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Kim Tomsic

Friday, December 29, 2023

3 Quick Tips on How to Write Dialogue Tags


"Let's chat about dialogue tags," she said.

"Okay!" I said. "I'm game."

I know, I know. Riveting conversation above.🤣

What is a dialogue tag? It's what you put after you close the quotes and designate the speaker.

Some tags you might have written or seen include:

...," he said.

...," she whispered.

...," they bellowed.

...," Kaia exclaimed.

...," Sharma whimpered.

And the list goes on. 

Firstly, no! Please try to stick with "said" and use the other examples sparingly. More on why below.

Secondly, formatting: Notice that there is a comma inside the quotation marks. The sentence ends after the tag. For example, "We are talking about dialogue tags," they said. If the statement ended in an exclamation point or a question mark, it would replace the comma. For example, "What are you talking about?" she asked. But look - "she" remains lower case. 

Thirdly, why dedicate a blog post to dialogue tags? 

There tends to be a lot of opinions on this topic. But remember, opinions are not rules. Here are my thoughts (and I'm not alone on this, so please feel the peer pressure😼): Using the tag "said" keeps the characters talking and the author out of the scene. What does that mean? It means when tags are used to add pomp and flourish to the prose, they demand attention and the dialogue takes second place to the tags. This happens when an author feels unsure that their words are doing the work, so they plant tags to carry the weight. 

Not always. Never always. But too many flourishy tags in a row can stifle flow. Uh-oh, there goes the suspension of disbelief. 

Links to an external site.

Style books and editors often prefer he said or she said or they said  or Stephen King said or Kim said, because such a tag is invisible. It's invisible because the reader can rush past the word "said" and stick with the moment and characters. With a rhythm of simple "saids", the tags fall away and the story remains front and center.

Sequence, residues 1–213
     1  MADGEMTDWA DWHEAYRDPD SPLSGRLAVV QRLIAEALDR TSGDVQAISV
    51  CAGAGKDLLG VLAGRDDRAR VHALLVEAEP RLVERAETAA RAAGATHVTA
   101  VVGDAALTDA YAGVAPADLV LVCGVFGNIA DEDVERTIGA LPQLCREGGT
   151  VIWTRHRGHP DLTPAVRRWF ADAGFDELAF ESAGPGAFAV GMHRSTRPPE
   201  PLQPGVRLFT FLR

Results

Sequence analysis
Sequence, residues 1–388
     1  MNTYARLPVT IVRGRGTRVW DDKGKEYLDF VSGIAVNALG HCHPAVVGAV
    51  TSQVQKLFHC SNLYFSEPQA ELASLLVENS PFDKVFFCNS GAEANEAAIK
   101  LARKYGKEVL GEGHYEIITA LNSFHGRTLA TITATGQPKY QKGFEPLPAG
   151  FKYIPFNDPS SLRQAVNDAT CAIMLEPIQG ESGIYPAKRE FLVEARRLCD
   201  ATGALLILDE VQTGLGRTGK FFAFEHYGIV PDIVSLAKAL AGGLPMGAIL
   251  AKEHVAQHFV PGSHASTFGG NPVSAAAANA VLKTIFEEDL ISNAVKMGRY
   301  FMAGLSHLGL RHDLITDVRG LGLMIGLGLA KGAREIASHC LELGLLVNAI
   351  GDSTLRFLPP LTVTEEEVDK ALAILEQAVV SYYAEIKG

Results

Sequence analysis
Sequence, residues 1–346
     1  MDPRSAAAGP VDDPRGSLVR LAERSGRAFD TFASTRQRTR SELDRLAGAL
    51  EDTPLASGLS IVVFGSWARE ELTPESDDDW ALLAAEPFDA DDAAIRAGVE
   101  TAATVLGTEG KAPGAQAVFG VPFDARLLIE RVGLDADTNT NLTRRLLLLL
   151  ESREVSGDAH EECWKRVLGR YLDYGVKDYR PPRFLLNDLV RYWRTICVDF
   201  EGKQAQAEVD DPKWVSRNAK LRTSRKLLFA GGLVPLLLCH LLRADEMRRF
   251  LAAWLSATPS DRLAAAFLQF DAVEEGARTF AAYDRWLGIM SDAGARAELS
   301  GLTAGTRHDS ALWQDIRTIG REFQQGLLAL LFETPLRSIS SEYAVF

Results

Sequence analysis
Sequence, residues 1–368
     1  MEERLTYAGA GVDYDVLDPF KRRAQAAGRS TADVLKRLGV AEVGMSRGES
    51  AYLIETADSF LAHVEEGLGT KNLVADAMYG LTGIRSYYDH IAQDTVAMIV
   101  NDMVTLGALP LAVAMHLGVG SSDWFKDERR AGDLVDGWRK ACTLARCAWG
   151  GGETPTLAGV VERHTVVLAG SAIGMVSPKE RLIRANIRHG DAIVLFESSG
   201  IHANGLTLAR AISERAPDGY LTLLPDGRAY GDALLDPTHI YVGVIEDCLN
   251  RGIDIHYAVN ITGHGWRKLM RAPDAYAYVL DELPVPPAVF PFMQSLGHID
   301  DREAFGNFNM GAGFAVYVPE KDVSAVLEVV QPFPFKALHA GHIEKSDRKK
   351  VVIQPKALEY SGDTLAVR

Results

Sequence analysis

On the other hand, if an author injects themselves on the page and shows off with a lot of effusive tags, the rhythm is interrupted, the reading slows down, and the reader is reminded that there is a clever author in the background. They are reminded that they are reading. Alas, they are robbed of the experience of being immersed in the magic and the moment with the characters.  

Brian Shawver in his book,  The Language of Fiction: A Writer’s Style Book, says, “Part of writing smoothly about a character involves moving the reader from the external events to the interior world of the character with elegance.”

This is not to say you'll never add extra flare to a tag. Simply consider choosing other tags sparingly as a way to allow the dialogue the chance to flow smoothly. Make strong word choices and verb choices so your tags don't need the bonus lift. 

Furthermore, sometimes you can leave a tag out altogether. Trust your readers. If they know who is talking, don't tag. For example, if there are only two characters on scene, there will be many sentences where the tag is unneeded.

Here's a blog from Mastercraft covering Five Tips for Writing Dialogue Tags

 If you’d like to read more on this topic, Master Class has an interesting article Links to an external site.. Mary Kole has an even better article on dialogue tags on the KidLit.com blogsite called How to Write Excellent Dialogue Tags 

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